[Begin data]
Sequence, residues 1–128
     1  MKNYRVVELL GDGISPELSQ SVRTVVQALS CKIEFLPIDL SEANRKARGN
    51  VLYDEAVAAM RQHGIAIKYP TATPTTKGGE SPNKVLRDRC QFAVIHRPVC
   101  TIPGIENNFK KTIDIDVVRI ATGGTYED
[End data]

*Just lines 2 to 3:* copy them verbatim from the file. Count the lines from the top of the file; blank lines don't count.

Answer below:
     1  MKNYRVVELL GDGISPELSQ SVRTVVQALS CKIEFLPIDL SEANRKARGN
    51  VLYDEAVAAM RQHGIAIKYP TATPTTKGGE SPNKVLRDRC QFAVIHRPVC